According to a recent study, more than two-thirds of the largest family businesses do not have a single female manager on the board. The proportion of women is only half as high as in the DAX companies. The situation is different in family businesses that are listed on the stock exchange.
According to a study, women continue to make little progress in the top tier of large German family businesses. According to the non-profit Allbright Foundation, at the beginning of March 8.3 percent of the executive boards of the 100 top-selling family businesses were female. The proportion of women is therefore only half as high as in the 160 companies in the DAX family (14.3 percent) - and it hardly changes. Two years ago, the figure was around 7 percent.
According to the information, more than two thirds (68) of family businesses do not have a single female manager on the board. Accordingly, little is happening in the 70 companies that are completely family-owned. Here, the proportion of women in the top floor has remained unchanged at 4.8 percent since March 2020. For comparison: For the 40 large DAX companies it is 19.8 percent (as of March 2022).
The stock market heavyweights are the most in the public eye and are subject to strict transparency requirements, the study said. "Public expectations are working." This can also be seen when looking at the 19 family companies listed on the Frankfurt Stock Exchange, which include BMW and Henkel. At 16.4 percent, the proportion of women on the executive boards of these companies is significantly higher than the average for family businesses.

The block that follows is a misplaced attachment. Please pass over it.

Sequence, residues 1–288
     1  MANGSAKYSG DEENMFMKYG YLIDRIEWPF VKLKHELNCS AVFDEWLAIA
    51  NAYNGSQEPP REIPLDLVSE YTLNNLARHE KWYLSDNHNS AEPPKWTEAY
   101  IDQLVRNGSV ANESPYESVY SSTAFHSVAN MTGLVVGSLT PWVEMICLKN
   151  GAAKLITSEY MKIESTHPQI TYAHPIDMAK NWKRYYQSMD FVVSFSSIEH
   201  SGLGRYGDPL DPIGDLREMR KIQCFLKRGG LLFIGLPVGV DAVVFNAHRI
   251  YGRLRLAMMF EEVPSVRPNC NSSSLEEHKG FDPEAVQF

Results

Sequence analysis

According to the Allbright Foundation, the decisive factor for the different development is the filling of top positions that become vacant. While the stock exchange companies systematically recruited women, family companies continued to select men almost exclusively. According to this, 38 percent of new recruits in the 40 DAX companies since March 1, 2020 have been female, compared to only 6 percent in the 70 companies that are completely family-owned. Almost 90 percent of the newly appointed management members in family businesses are West German men.
"Family businesses risk becoming second-choice employers in the competition for the brightest minds," warned the managing directors of the Allbright Foundation, Wiebke Ankersen and Christian Berg. "Diversity attracts top talent, an outdated understanding of leadership does not." One of the strengths of family businesses is that they think in terms of generations and not quarters. "That's why you shouldn't underestimate diversity and equal opportunities as a zeitgeist issue." Rather, it is about one of the major, lasting social changes.
Economics Minister Robert Habeck wrote in a concluding remark on the study: "Successful transformation is unthinkable without diversity, without the equal integration of women into the economy." More diversity in companies leads to more creativity, more problem-solving skills and more innovations, as numerous studies have shown in recent years. The non-profit German-Swedish Allbright Foundation is committed to more women and diversity in management positions in business.